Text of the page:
Publication Type : Scientific Paper
Thematic Areas : Medical Sciences
Publisher : J Indian Acad Forensic Med
Source : J Indian Acad Forensic Med , Volume 15, Issue 4, p.40 - 41 (1993)
Campus : Kochi
School : School of Medicine
Department : Forensic Medicine
Year : 1993
Abstract : The current organization of forensic science induces biases in the conduct of forensic science even if forensic scientists are perfectly rational. Assuming forensic examiners are flawless Bayesian statisticians helps us to identify structural sources of error that we might otherwise have undervalued or missed altogether. Specifically, forensic examiners’ conclusions are affected not just by objective test results but also by two subjective factors: their prior beliefs about a suspect's likely guilt or innocence and the relative importance they attach to convicting the guilty rather than the innocent. The authorities—police and prosecutors—implicitly convey information to forensic examiners by their very decision to submit samples for testing. This information induces the examiners to update their prior beliefs in a manner that results in a greater tendency to provide testimony that incriminates the defendant. Forensic results are in a sense ‘contaminated’ by the prosecution and thus do not provide jurors with an independent source of information. Structural reforms to address such problems of rational bias include independence from law enforcement, blind proficiency testing and separation of test from interpretation.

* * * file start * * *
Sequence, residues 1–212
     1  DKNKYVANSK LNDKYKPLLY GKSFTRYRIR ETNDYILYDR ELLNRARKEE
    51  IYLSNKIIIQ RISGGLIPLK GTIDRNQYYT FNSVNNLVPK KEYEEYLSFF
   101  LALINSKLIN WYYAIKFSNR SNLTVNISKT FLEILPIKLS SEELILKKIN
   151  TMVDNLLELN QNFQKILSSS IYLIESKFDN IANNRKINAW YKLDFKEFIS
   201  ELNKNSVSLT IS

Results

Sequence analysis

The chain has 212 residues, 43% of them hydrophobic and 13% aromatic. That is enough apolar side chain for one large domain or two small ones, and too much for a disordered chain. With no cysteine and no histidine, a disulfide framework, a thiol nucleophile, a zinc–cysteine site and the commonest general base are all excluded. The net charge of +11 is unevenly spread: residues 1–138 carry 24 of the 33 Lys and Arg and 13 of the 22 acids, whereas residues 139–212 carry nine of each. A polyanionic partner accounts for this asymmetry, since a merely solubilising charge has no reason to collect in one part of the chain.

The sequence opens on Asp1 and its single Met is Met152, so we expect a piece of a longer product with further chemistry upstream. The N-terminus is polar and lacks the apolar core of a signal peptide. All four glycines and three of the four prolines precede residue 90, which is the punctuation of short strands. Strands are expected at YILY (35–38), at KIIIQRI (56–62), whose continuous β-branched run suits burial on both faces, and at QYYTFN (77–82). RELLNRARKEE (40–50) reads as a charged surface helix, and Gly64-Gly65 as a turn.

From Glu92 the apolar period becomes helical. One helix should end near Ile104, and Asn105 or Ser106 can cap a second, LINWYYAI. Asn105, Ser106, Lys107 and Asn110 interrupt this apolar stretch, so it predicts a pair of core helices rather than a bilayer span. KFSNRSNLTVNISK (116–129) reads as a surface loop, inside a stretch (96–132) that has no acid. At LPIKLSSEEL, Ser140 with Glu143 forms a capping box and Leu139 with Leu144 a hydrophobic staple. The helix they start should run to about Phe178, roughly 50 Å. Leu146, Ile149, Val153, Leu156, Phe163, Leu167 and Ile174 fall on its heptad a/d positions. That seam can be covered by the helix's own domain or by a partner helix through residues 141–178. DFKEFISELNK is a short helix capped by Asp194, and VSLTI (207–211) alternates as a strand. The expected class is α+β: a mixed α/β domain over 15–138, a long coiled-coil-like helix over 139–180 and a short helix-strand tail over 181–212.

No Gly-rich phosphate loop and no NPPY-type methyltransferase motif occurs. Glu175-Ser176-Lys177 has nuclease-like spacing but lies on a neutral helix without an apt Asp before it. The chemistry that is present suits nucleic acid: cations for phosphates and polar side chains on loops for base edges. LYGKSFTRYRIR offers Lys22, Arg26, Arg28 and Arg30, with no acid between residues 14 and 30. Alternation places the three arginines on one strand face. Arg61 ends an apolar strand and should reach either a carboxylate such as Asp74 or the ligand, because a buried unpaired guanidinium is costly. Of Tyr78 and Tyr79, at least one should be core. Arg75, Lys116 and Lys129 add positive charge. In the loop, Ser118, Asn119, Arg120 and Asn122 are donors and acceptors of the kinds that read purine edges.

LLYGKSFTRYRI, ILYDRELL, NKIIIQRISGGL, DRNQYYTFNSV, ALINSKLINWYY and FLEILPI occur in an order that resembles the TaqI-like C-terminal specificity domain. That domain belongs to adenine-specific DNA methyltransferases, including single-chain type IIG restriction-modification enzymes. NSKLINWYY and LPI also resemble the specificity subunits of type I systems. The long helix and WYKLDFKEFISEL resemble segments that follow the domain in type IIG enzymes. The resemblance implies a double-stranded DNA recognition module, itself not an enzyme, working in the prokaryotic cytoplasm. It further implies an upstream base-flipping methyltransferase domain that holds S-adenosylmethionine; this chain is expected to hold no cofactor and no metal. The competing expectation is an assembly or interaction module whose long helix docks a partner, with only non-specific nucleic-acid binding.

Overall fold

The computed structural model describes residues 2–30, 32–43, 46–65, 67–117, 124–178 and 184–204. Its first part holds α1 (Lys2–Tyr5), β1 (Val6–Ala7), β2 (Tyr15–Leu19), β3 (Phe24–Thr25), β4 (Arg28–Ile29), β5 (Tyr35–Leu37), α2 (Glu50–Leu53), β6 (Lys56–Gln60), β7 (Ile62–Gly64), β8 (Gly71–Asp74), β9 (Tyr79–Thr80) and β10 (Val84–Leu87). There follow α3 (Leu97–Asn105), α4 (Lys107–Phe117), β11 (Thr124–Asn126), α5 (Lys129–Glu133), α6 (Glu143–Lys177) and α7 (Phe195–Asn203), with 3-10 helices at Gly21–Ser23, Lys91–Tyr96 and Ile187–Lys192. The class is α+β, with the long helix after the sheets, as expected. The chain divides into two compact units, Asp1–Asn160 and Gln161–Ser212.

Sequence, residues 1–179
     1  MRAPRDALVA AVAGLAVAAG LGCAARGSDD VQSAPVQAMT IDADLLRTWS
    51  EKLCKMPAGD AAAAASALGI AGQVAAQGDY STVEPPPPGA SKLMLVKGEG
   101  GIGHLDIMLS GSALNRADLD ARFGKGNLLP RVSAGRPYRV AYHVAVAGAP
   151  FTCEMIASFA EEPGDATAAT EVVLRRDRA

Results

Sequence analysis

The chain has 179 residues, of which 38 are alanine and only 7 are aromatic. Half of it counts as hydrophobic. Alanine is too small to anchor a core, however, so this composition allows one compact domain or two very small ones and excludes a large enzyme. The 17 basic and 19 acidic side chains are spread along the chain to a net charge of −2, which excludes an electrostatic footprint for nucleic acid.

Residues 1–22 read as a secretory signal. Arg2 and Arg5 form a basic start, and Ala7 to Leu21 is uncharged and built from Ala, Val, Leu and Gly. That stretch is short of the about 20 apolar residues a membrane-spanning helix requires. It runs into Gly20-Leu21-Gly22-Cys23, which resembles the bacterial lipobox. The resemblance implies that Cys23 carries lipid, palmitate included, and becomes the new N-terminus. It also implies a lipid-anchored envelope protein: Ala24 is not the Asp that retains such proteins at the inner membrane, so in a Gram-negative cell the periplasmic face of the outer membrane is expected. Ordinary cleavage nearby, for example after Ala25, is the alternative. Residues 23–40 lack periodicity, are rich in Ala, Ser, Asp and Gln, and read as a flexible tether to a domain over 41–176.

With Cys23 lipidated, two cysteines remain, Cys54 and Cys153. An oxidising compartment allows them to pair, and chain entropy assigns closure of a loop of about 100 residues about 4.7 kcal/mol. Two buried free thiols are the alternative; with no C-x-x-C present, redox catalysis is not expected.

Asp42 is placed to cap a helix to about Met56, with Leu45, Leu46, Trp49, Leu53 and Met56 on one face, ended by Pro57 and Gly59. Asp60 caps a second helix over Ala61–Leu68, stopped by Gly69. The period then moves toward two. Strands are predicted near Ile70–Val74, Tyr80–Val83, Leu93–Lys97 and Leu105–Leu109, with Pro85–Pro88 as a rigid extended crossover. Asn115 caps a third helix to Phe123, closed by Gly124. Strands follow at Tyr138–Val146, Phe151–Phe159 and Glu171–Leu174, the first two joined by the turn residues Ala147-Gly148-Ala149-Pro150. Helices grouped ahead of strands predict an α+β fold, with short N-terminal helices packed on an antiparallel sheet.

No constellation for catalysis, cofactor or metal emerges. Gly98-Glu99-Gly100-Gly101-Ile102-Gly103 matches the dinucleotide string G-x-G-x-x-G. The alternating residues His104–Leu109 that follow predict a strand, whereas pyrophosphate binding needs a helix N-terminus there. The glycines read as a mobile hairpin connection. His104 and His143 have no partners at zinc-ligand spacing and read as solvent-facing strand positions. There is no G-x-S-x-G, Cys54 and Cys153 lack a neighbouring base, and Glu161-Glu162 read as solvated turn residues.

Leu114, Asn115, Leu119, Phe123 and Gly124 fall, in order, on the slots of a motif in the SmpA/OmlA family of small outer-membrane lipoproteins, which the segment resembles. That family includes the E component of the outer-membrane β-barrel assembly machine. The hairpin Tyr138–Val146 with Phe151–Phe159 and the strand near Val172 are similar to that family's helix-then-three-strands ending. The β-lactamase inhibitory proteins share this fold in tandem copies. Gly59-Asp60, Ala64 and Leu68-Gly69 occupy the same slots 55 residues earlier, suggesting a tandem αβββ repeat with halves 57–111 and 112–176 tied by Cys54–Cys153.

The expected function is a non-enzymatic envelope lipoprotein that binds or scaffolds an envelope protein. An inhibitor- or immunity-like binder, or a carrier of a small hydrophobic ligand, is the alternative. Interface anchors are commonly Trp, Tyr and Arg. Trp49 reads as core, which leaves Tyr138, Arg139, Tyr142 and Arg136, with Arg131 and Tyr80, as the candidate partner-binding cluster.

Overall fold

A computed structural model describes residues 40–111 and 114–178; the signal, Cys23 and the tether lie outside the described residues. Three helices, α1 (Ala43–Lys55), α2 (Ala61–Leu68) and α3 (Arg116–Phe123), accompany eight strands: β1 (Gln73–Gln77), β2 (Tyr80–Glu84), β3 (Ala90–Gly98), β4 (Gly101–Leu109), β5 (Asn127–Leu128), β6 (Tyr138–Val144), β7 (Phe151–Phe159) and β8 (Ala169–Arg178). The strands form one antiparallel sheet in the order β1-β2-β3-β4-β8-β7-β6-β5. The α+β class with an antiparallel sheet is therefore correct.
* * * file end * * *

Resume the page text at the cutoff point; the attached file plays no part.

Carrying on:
Cite this Research Publication : Pillay V. V., “Conflicts of opinion in forensic work-need for a rational outlook”, J Indian Acad Forensic Med , vol. 15, no. 4, pp. 40 - 41, 1993.